View Full Version : Agitation methods for semi-stand development

Mark McCarvill
6-Feb-2006, 16:47
If you’re using semi-stand development with BTZS-type tubes (including home made tubes), how do you agitate? Do you push the tube up and down in a tall container containing the water bath? Or rotate it in a shallow tray? I've tried both methods, but without success. The former produces streaks and the latter produces negs which are darker on the right than on the left.

Michael Kadillak
6-Feb-2006, 17:14
I am sure that others will chime in here but here is what I was advised and what has served me well.

I pre-soak the film in a tray for five minutes. This step is absolutely manditory. Each tube is filled to the top with dilute developer. After the completion of the pre-soak, the film is curled emulsion side in and inserted into the tubes and the caps are placed on the end. A 30 second end over end agitation is conducted and the film is left standing on its end. Break up the total developing time into four parts and agitate 15 seconds at each of these intervals by slowly reversing the tubes end over end. Sometimes I grab a number of tubes and do it en masse. At the end of the development the caps are removed and put into trays for stop and fix. Really not that complicated and the results are great.


Andrew O'Neill
6-Feb-2006, 19:59
I do same as Michael except for each agitation cycle, I pull the film out, invert and slip back into the tube, then agitate (rolling) for 15 sec.

Bob Younger
6-Feb-2006, 20:24
I realize that it's not supposed to work well, but I do mine (8x10) in a smooth bottomed 8x10 SS tray (horizontal) using Pyrocat HD.

I presoak (Bergger 200) for 3 minutes, then slide it in the developer (1:150; 1.5 litres) emulsion up. I agitate vigorously for a full++ minute; then for 30 seconds at 30 minutes. I inspect with the dark green safelight at 1 hour and will agitate for 30 seconds if not finished (but 1 hour seems a "normal" time for my photographs). Most everything is finished then within the next 15 minutes to half-hour. I had problems early on in developing this process wherein I skimped on the initial agitation (30 seconds) and the interims were only 10-15 seconds. I ended up with streaking in the sky areas. But now I get clear skies and phenomenal edges (between tonal boundaries).

In order to enable me to escape the darkroom between agitations, since I don't have rotary door, I put the tray in a black plastic bag from a package of 16x20 paper and close up the end.

6-Feb-2006, 20:32
“My method with ULF film, 7X17 and 12X20, is very similar to what Michael does, except that at the beginning I agitate for 1.5 minutes, and quite rigorously. The other agitation is for 10 seconds, and again very vigorously. Be sure to start with the developer about 1/2" over the top of film. There is some risk with this method because of the danger of scratching the film in transferring it from the pre-soak water and the tubes.

Another method I use with the ULF film is to place the film first in PVC tubes, dry, then plop the tubes with the film into a larger drum that will hold two or three tubes at a time, which is already filled with developer. After placing the lid on the drum I then agitate vigorously for 1.5 minutes, and for 10 seconds at the other times as above, also very vigorously. I have been doing this recently with no pre-soak and the results appear to be the same as with the pre-soak.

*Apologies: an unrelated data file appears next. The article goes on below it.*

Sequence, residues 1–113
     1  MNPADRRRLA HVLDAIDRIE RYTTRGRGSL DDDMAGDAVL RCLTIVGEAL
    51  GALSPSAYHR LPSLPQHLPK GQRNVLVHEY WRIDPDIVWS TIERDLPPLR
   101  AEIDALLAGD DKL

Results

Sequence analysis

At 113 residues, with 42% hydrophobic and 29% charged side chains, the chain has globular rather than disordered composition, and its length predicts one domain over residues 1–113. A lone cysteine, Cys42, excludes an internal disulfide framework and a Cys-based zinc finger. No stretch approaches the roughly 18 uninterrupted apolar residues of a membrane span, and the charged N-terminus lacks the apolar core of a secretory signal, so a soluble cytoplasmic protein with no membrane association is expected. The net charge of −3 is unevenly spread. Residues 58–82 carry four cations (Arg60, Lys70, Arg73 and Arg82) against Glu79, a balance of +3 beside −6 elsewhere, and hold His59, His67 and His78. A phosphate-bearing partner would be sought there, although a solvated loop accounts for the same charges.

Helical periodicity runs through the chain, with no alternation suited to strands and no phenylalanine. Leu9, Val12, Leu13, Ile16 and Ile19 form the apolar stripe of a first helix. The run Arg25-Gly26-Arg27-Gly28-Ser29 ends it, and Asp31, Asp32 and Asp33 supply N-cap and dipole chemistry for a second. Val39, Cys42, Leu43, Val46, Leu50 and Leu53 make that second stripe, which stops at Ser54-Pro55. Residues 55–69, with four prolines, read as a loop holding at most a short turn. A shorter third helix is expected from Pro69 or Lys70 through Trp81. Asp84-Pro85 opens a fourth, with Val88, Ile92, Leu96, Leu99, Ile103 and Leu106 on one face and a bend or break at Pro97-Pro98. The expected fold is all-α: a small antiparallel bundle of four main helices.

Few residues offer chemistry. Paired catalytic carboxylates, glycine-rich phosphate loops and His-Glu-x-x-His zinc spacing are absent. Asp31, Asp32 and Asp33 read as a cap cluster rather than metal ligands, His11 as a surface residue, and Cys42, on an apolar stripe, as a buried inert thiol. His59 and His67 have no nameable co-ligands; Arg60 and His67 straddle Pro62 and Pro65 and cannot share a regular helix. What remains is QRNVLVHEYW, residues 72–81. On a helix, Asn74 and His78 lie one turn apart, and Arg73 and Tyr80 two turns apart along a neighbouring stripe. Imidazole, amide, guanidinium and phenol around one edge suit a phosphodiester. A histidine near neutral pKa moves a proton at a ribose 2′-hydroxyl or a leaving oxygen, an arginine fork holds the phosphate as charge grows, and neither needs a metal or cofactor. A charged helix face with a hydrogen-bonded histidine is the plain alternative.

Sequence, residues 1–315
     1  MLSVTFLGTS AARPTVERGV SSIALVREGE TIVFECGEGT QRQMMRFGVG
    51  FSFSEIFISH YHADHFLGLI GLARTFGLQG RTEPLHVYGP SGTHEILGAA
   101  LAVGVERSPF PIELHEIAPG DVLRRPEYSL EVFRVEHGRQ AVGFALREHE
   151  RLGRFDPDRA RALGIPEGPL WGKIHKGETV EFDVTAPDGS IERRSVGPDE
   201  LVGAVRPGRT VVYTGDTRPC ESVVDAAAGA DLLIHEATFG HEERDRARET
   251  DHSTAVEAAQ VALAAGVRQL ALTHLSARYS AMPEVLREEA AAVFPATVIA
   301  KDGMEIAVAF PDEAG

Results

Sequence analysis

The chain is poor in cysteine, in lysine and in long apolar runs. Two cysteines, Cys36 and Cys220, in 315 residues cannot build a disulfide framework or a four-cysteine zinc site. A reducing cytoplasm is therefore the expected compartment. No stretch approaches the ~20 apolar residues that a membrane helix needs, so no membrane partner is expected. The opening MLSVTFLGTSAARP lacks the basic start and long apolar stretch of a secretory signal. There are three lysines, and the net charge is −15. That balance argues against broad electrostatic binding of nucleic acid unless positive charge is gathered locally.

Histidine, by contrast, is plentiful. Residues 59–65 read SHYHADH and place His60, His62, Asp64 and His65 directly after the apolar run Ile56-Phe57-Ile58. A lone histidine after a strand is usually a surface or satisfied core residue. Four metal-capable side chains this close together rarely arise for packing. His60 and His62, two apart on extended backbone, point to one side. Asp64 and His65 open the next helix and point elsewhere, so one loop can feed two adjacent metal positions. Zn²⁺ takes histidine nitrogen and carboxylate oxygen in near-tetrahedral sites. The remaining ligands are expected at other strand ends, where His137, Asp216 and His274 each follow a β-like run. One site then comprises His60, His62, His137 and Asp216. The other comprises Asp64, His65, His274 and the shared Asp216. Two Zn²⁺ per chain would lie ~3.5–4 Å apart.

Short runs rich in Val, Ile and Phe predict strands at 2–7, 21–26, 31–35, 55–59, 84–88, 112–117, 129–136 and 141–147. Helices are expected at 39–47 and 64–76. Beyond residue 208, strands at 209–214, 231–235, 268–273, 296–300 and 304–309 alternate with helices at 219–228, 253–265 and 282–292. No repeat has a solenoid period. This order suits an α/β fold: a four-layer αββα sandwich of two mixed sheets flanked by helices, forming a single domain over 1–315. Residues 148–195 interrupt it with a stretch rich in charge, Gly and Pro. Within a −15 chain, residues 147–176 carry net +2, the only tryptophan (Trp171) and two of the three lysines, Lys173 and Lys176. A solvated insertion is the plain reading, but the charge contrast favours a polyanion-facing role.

The second method is how I develop 5X7 film, six tubes at a time in an 11X14 Beseler drum..

michael Allen
6-Feb-2006, 21:29
I've just started playing around with this method now and my process mirrors what Steve Sherman suggests in his article in VC. The exception is I have been using a JOBO sponge cleaner to agitate in an up and down manner with the tube cap off and the lights off, Steve includes this procedure in a thread some where over on APUG I think. I'm processing 11x14 in newly made pvc tubes that work quiet well.

Michael Kadillak
6-Feb-2006, 22:02
Although it is not that big a deal, it is my understanding that Steve Sherman uses a conventional film tank with film hung vertically into it and the JOBO sponge is used as an agitation mechanism within the tank.

This subject was more than a bit vague in the VC article but I believe that he mentions this in the APUG write up. But at the end of the day if it provides you with the results that you want then all is very well. I have not been able to nor heard of anyone being able to attain acceptable results with this technque in a tray but Bob (above) has been able to do so.


7-Feb-2006, 12:06
"But at the end of the day if it provides you with the results that you want then all is very well. I have not been able to nor heard of anyone being able to attain acceptable results with this technque in a tray but Bob (above) has been able to do so. "

Originally I believed that the only way to make semi-stand work was with the film in vertical orientation, in tubes standing on end for example. However, quite a number of folks have reported excellent results with semi-stand and extreme minimal agitation using the developing tray inserts such as the Sumitek cradle or inserts of the same type made by other sources, including Photographers Formulary. In fact, I watched someone develop a set of negatives with a cradle, using a 1:1:150 solution of Pyrocat-HD, and the negatives came out perfect.

Mark McCarvill
2-Mar-2006, 09:38

Silly beginner mistake! I was adding developer to the tube containing the film. I just tried adding the film to the tube containing the developer and got absolutely perfectly even development. I couldn’t believe it when I examined the scanned negative (of a gray card) in Photoshop. Looked like I'd created a blank file and filled it with 50% gray; it was that even.

Hopefully this post will help other beginners avoid the mistake I was making.